LIFE to alvars – large scale semi-natural grassland restoration experience, cooperation with landowners and farmers
Ms Annely Esko
Environmental Board, Estonia
Region & country
Nordic-Baltic Section, Estonia, West Estonia
Alvar grasslands have a very limited distribution globally, as they are restricted to the Baltic Region of Europe and Great Lakes Region in North America, with almost 90% of the area in Europe. Within the European Union, the habitat is only found in Sweden and Estonia, with minor areas in south-west Finland. Alvar grasslands are semi-natural grasslands with thin lime-rich soil on a limestone bedrock. Inn 2013 only around 2000 hectares i.e less than 30% of Estonian alvar grasslands are under annual management, which is necessary for long-term persistence of this habitat type. The decrease of alvar grassland habitat area started with the 1950s when the traditional extensive agricultural activities were widely replaced by intensive land-use. To carry out large-scale alvar grassland restoration in just five years (2014-2019) the LIFE to alvars project has worked out and successfully used a completely novel approach to alvar restoration in Estonia.
Estonia, West Estonia
Background of the project
In 1950-s there were 43 000 hectares of alvar grasslands in Estonia. During the Soviet times, the value of biological diversity on alvar grasslands were known, but not valued by the state. The decrease of alvar grassland habitat area started when the traditional extensive agricultural activities were widely replaced by intensive land-use. This resulted in neglect of alvar habitats for grazing. When traditional management is ceased, alvars overgrow with shrubs and trees.
A minimum of 7500 hectares of habitat area need to be under annual grazing, as also targeted in Estonian Nature Conservation Development Plan until 2020.
Solution and actions taken
This national target is reflected in the objective of LIFE to alvars project, which is to restore the most valuable, but currently overgrown alvar areas on 2500 hectares and to create a possibility for local farmers to manage these areas after the restoration. This contributes 33% to the national target. For this grazing, infrastructure and access roads are created on the restored areas.
In order to carry out large-scale alvar grassland restoration in just five years the LIFE to alvars project has worked out and successfully used a completely novel approach to alvar restoration in Estonia. Common forestry and communal machinery is used for removing trees and shrubs on alvars. This methodology is now used outside the LIFE to alvars project to restore other semi-natural grasslands as well. Each restored area is equipped with grazing infrastructure to ensure continuous management.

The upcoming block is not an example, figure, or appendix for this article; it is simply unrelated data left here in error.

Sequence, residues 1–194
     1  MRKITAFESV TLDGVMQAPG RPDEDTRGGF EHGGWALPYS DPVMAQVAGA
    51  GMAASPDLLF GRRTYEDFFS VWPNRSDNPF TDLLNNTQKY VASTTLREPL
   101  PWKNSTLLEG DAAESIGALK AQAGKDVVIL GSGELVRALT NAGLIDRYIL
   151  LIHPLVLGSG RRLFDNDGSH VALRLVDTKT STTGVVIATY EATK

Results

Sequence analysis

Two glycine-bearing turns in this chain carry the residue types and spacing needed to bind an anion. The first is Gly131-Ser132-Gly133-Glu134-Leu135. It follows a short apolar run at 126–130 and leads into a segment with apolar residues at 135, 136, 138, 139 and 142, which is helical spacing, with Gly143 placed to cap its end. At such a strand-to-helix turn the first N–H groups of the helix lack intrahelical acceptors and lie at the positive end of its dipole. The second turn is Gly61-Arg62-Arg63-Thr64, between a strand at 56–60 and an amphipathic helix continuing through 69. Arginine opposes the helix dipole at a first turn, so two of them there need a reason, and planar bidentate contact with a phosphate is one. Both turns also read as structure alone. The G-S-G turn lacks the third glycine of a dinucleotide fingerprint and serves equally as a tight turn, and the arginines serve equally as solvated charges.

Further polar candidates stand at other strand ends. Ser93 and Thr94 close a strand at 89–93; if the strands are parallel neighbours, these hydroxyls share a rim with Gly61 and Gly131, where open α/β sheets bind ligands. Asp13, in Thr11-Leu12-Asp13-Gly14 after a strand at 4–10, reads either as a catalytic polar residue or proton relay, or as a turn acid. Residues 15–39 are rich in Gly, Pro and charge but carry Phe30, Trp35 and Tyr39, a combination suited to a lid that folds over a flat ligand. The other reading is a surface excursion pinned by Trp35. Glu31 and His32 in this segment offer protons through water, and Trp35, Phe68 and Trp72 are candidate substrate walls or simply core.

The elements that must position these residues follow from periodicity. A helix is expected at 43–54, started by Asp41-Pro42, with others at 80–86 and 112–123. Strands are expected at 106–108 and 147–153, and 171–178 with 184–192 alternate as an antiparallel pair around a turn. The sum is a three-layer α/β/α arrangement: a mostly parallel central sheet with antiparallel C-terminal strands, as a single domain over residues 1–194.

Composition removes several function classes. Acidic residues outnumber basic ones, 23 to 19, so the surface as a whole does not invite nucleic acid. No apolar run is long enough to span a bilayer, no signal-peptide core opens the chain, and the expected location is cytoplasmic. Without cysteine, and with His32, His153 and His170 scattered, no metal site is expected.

- This project involves alvar grasslands, situated on both private and public lands. So, emphasis is on a thorough involvement of private land-owners.
- Dissemination actions are also taking up large part of the project activities.
- Annual public meetings, working groups, study trips are held.
- Information boards, leaflets, exhibitions and media work is taking place throughout the project period.
- Partnership contracts were signed with land-owners, farmers and the project.
Other institutions or parties involved
LIFE to alvars project was financed by the European Comission LIFE + Nature programme in 2014. Project identification code is LIFE13NAT/EE/000082. The project is co-financed by the Estonian Environmental Investment Centre and by the partners’ self-financing. Project budget is 3 725 865 euros. Lead partner is the Estonian Environmental Board and partners are the University of Tartu, Estonian University of Life Sciences and Seminatural Communities Conservation Association.
- By 2017, 1400 hectares of alvar grassland restoration is finished and the areas have joined the CAP seminatural grassland management scheme.
- 500 hectares were prepared to start with the restoration in the winter 2017/2018.
- All the restored areas are equipped with grazing infrastructure.
- Biodiversity monitoring of the restored areas shows remarkably quick recovery of the vegetation. This means that the areas have still well preserved seed bank of grassland species.
Main difficulties are related with involving private land-owners in to the project. A lot of effort has been put in to communication and convincing. About 1000 hectares of private land is planned to be restored throughout the project.
It is all about people. The opinion of general public and people involved in the project is a key element in gaining sucess in large scale restoration on private land. Finding trustworthy local farmers interested in management and making agreements for continous management is the second very important key element in maintaining the restoration result long term.
Ms Annely Esko
Environmental Board, Estonia
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